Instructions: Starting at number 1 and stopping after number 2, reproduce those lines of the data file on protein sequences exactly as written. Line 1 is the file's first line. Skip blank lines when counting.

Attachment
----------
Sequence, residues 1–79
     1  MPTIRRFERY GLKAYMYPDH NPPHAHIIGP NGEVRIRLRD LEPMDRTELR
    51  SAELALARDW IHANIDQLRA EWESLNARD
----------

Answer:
Sequence, residues 1–79
     1  MPTIRRFERY GLKAYMYPDH NPPHAHIIGP NGEVRIRLRD LEPMDRTELR